Tag Archives: prayer

“The Miracle Moment” 20 Years Later

January 17, 1993

William Jefferson Clinton was preparing for his inaugural, the Cowboys beat the 49ers, and God showed Himself powerful and contemporary in a Sunday School class at Houston’s First Baptist Church in Houston, Texas.

The lesson that morning was from Psalm 103, primarily verses 1-5.  David is talking to himself and instructs himself to “Bless the Lord” which means give praise or thanks to God.  He then lists some reasons for himself to do so.

He (God) forgives all my sin; He heals all my disease; He redeems my life from the grave, the pit, destruction; He crowns me with love and compassion, loving kindness; and He restores my youth like the eagle.

I stood to teach the class of 150 or more on that morning.  I had never been more emotionally drained than I was that morning.  I had never had less faith than I did that morning.  The pit David described was swallowing me.

But God (aren’t those great words from the Scripture?) changed everything.  Let me explain…

The Back Story

In 1990, I was serving as the Senior Pastor at First Baptist Church in Brenham, Texas and had been for some time.  First Baptist was a great church and an historical Southern Baptist Church. In January, I contracted a flu virus that ultimately penetrated the mylan sheath of my vocal folds and damaged the nerve tissue beyond repair.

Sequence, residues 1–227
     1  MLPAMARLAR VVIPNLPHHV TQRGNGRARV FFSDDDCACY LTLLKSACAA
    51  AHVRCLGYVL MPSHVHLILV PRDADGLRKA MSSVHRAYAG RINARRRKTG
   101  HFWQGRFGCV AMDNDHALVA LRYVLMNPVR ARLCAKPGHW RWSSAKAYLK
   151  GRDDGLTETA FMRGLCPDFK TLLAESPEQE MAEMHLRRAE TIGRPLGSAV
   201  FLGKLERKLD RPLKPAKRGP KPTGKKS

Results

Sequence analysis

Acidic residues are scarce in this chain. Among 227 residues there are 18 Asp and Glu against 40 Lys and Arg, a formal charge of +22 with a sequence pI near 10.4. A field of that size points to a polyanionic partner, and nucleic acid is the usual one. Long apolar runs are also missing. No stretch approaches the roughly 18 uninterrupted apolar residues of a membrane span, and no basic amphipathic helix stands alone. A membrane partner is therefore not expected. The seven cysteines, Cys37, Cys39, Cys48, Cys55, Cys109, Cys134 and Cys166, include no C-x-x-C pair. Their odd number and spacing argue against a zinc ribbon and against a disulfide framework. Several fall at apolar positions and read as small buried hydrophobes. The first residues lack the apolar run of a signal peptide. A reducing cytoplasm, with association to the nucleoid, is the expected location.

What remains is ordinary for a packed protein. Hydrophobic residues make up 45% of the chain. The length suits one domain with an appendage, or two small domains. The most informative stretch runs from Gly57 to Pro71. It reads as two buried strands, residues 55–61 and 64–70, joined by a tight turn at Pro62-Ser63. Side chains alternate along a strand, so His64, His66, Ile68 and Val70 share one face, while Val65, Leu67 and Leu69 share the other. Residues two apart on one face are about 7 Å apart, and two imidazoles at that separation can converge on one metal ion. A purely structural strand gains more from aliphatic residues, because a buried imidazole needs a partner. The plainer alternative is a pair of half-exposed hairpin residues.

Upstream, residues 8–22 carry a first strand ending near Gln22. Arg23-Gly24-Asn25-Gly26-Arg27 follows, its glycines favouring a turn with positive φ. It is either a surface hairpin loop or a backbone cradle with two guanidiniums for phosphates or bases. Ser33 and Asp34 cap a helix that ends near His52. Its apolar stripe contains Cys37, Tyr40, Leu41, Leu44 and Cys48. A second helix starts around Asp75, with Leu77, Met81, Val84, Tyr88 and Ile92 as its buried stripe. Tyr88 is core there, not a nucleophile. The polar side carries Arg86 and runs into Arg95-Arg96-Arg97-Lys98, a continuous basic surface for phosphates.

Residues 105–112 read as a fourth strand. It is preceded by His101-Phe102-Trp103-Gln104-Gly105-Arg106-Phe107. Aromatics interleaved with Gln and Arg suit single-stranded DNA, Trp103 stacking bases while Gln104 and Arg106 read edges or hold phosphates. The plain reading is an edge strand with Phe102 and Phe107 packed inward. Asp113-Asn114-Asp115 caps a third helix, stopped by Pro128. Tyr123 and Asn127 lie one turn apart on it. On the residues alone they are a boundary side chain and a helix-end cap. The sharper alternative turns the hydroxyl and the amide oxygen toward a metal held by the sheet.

Over the next three years I was seen by over 63 specialists and their teams (totaling over 200 doctors) as they tried to diagnose and treat me.  I had been left with a voice that sounded like the worst case of laryngitis you have ever heard, and could only make that if I screamed at the top of my lungs.  My daughters were both students at Baylor and I could not even call their dorm because I sounded like an obscene phone caller.

Though the congregation had been incredibly patient with my disability, I had resigned for obvious reasons in 1991.  Everything I had ever done to earn a living had been connected to my ability to speak and suddenly my “tool kit” was gone.